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Minireview: The Strix Chronicle Anthology (Vampire: the Requiem)

“The owls are not what they seem:”

Yes, that’s Twin Peaks, not Vampire, but it applies here too.

The Strix are one of the creepier elements in the new Vampire game line. While the game originally featured VII in the “sinister threat” category, that group (or whatever it is) was left so vague that it became a bit toothless. Enter the Strix, first described in the Requiem for Rome book. Probably responsible for the destruction of the Julii clan, these creatures are scary as hell, much because they are both a concrete threat and a big unknown. Maybe spirits, maybe not, and apparently linked to owls, they are smart, vicious, sadistic and they hate vampires. Why? Nobody knows. They can posses vampires and act as uber-predators – and in the game world, having something hunt them, the self-styled hunters of humans, is deeply unnerving to vampires. Additionally, it seems to be personal; vampires hunt humans for food, but the Strix hunt vampires because they hate their guts and want to cause misery and destruction.

I gather the Strix have been described somewhat more in other sourcebooks, but I haven’t read those yet. Most notably, the new Strix Chronicle sourcebook features a campaign framework based around them (haven’t read that yet, either). This book, The Strix Chronicle Anthology, is an anthology of stories based on the Strix – or, more exactly, on vampires encountering the Strix.

It’s a good collection. Most of the stories are remarkably good, and many are quite suitably creepy. Some of the standouts are Greg Stolze’s “Four Years, Old John”, which features some characters familiar from the Chicago books, and Joshua Alan Doetsch’s “Lullay, Lullay”, which only has the Strix in the sidelines, with the spotlight on the relationship between a (surrogate) father and his “little girl” (who only has bare shreds of humanity left). Oh, and Eddy Webb’s “Second Chance”, which features a vampire forced to solve a mystery… and lots of twists. Not all that many happy stories here, which suits the main theme. The Strix are not happy campers. The owls want blood.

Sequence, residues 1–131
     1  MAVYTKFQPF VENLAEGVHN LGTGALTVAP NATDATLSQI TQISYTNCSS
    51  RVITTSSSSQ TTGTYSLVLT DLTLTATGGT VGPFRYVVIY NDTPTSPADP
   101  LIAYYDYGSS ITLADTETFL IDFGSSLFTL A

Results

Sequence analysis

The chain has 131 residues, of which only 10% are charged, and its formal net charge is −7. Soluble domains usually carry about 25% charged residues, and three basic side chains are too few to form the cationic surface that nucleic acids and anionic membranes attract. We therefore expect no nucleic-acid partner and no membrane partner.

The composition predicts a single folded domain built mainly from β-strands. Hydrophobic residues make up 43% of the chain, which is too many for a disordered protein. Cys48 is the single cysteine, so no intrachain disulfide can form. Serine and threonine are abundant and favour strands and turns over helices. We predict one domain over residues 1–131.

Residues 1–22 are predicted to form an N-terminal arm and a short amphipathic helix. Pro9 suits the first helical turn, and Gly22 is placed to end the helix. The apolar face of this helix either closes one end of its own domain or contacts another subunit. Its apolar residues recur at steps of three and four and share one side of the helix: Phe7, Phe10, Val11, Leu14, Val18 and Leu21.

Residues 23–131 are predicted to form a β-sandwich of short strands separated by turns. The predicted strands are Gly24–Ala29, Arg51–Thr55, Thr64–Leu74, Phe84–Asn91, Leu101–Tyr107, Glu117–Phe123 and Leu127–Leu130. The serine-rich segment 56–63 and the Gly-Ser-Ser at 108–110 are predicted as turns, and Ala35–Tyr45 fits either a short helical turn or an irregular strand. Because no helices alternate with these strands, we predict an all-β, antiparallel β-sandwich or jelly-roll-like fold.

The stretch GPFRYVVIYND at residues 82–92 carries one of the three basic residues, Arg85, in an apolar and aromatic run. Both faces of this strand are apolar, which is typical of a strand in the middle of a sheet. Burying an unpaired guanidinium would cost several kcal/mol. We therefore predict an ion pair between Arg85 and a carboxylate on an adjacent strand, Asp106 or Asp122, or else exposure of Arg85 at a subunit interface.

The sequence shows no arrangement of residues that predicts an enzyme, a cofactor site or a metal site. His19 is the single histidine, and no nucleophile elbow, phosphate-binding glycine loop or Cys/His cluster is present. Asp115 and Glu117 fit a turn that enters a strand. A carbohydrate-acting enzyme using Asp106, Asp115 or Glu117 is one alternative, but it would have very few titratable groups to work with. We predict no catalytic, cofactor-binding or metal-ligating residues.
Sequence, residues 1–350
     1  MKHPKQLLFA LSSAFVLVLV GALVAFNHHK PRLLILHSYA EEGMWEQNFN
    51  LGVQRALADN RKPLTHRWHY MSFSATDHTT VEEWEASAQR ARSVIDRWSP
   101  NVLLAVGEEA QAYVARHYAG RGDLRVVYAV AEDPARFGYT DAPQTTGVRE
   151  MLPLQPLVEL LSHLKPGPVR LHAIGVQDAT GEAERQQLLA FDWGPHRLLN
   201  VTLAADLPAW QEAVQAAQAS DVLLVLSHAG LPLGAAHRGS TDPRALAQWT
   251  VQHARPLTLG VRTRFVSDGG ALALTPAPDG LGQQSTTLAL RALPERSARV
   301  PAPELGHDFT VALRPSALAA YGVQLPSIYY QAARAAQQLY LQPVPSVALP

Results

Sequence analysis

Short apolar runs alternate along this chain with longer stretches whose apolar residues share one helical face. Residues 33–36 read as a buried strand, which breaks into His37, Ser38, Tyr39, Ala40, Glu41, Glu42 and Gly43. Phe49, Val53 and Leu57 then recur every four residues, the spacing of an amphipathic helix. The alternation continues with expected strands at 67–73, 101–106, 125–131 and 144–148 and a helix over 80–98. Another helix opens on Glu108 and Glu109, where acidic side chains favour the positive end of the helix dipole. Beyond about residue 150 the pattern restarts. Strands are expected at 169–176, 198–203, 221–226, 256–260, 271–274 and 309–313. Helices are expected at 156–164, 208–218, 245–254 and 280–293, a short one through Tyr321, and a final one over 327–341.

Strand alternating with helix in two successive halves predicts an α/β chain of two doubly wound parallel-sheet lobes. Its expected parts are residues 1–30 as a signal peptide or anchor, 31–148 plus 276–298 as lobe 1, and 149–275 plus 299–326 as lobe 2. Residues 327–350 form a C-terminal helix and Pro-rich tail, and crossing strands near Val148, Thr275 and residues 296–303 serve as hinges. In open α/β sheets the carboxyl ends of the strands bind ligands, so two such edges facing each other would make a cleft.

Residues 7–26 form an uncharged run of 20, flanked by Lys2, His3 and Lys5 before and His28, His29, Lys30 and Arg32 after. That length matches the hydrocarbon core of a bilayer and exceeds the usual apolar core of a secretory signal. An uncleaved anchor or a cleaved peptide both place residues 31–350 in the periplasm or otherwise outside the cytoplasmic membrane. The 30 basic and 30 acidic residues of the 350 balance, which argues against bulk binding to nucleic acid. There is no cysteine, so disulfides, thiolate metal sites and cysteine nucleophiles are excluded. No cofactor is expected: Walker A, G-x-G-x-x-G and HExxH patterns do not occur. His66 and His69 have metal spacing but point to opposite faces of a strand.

As far as “gaming fiction” goes, this is a top-notch collection.

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Minireview: Dust To Dust (Vampire: the Masquerade)

What a difference 20 years makes. While the original Ashes To Ashes scenario wasn’t too horrible, it did partly suffer from the railroading that plagued most White Wolf modules and had the PCs being manipulated by forced they had no control over. Dust To Dust is a (very loose) sequel, written for the 20th Anniversary edition of Vampire, and using White Wolf/Onyx Path’s “SAS” format. It’s both a very good module in its own right, and it also showcases how far White Wolf (well, Onyx Path nowadays) have come over the years as far as scenario design goes.